MLBPA Pitches 89-Game Schedule in Latest Proposal

As Major League Baseball hits the two and a half month mark since Opening Day was scheduled and then postponed thanks to the COVID-19 pandemic, we continue to await word that the two sides have reached an agreement that will bring baseball back to the diamonds in North America. There has been quite a bit of discourse with the sides bouncing back and forth with varying offers though there has to yet to be anything that the opposite side has grabbed on to in order to bridge the gap between the two sides. Just this week, the owners pitched a 76-game slate with players receiving 75 percent of their pro-rated salaries on Monday afternoon.

That prompted the latest response from the players on Tuesday as they sent over an 89-game proposal in the latest effort to salvage the season. Under that proposal, the season would begin on July 10 and the regular season would conclude on October 11. The players are still holding the line on full pro-rated salaries for that amount of games and they are advocating the expanded playoff field that the owners discussed in their proposal Monday. Similar to the proposal from the owners on Monday, the players agreed to share in a pool worth at least $50 million should the playoffs end up being held without fans in attendance.

The big thing for the players is the fact that players have an opt-out should they not want to play this season due to the COVID-19 pandemic. Under that concept, players can sit out if they so choose. If a player is deemed high-risk or has a family member that is high-risk, they can sit out while receiving their full salary and service time. If a player doesn’t have such concerns and still chooses to sit out the year, they would forfeit their salary and fail to accrue any service time toward free agency this season.

As it stands, this deal is likely a non-starter. The owners are still reticent about guaranteeing full pro-ration of salaries when they have no guarantee that they will earn any revenue by having fans in the ballpark. While pro sports teams in Texas can have up to 25 percent capacity in the stands right now and NASCAR is bringing back fans in a limited fashion beginning this week, that doesn’t say anything about the other 28 teams in MLB that aren’t the Astros and Rangers. The players aren’t budging from their demands for being paid in full for each game that they play while the owners are leaning on paying less than that given their uncertain revenue stream. Owners are worried about avoiding playing regular season games in October and extending the season into November since it can be harder to lock in TV deals. It also wants to avoid a potential second wave of the coronavirus wreaking havoc on the most lucrative part of their season.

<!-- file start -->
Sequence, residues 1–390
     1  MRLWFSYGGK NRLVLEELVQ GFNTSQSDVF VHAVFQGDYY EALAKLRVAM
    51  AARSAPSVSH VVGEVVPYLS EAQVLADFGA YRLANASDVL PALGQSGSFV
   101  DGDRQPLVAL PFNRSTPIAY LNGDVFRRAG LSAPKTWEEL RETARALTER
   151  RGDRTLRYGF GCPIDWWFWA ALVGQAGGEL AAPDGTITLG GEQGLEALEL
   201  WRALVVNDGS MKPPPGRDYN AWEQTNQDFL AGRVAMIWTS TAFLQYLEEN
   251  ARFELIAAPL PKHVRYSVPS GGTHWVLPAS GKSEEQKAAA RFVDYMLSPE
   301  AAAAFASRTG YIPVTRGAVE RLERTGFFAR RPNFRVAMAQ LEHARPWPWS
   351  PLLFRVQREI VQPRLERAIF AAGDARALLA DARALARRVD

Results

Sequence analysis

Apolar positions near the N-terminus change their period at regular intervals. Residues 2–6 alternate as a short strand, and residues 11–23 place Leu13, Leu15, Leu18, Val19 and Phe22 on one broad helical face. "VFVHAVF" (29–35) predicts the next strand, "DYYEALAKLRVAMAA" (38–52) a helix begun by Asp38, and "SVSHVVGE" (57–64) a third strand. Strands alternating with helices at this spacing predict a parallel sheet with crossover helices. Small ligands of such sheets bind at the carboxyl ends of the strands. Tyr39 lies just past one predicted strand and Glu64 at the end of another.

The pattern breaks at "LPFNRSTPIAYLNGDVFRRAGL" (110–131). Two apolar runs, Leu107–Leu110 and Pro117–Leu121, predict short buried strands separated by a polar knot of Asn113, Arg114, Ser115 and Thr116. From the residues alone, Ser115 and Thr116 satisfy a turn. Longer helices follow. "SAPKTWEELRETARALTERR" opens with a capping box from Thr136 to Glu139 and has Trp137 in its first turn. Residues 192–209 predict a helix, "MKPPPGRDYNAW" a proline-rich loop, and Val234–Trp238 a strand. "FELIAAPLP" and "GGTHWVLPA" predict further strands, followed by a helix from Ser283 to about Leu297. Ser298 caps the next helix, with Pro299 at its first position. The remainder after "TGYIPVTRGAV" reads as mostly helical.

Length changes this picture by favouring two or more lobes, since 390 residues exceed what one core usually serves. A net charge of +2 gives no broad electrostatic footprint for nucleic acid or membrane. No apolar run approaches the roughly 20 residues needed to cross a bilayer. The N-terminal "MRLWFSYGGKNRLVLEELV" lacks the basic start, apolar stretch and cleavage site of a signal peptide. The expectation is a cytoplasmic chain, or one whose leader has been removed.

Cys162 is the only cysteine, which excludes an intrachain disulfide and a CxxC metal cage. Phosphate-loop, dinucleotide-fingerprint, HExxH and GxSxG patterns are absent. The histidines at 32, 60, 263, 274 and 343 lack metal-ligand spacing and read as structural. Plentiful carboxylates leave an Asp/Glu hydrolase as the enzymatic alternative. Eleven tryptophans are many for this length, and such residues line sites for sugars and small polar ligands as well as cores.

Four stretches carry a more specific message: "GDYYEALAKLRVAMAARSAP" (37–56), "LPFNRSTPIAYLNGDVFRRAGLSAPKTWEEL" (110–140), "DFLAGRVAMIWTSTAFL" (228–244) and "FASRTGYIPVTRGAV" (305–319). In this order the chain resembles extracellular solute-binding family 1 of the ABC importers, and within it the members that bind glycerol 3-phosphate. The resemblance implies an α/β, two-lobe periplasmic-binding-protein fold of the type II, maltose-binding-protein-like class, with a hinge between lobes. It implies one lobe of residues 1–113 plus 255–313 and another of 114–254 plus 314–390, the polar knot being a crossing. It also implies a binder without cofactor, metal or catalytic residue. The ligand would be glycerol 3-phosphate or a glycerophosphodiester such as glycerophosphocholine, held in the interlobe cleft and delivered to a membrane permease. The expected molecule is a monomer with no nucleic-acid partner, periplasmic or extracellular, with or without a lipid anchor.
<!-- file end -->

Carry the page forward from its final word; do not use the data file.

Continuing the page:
The best thing that one can glean from the recent proposal and counterproposal is that the two sides seem to at least be making some ground. After all, the owners have bounced from 81 games to 50 with a full pro-ration to 76 with a 75 percent pro-ration in their salaries. Meanwhile, the players went from 114 games down to 89 though their demands for full pro-ration remains the same. That seems to put the two sides right back at around somewhere in the 80 to 82 game range. Whether the two sides can come to some sort of agreement when it comes to financial numbers that both can live with remains to be seen. Barring that, we could end up with the ridiculously shortened 48 to 54 game slate that has been alluded to by commissioner Rob Manfred. We’ll see if the latest round of proposals brings the two sides closer together or merely is the latest chapter in what has been a messy set of negotiations that have gone nowhere.

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Chris Kubala

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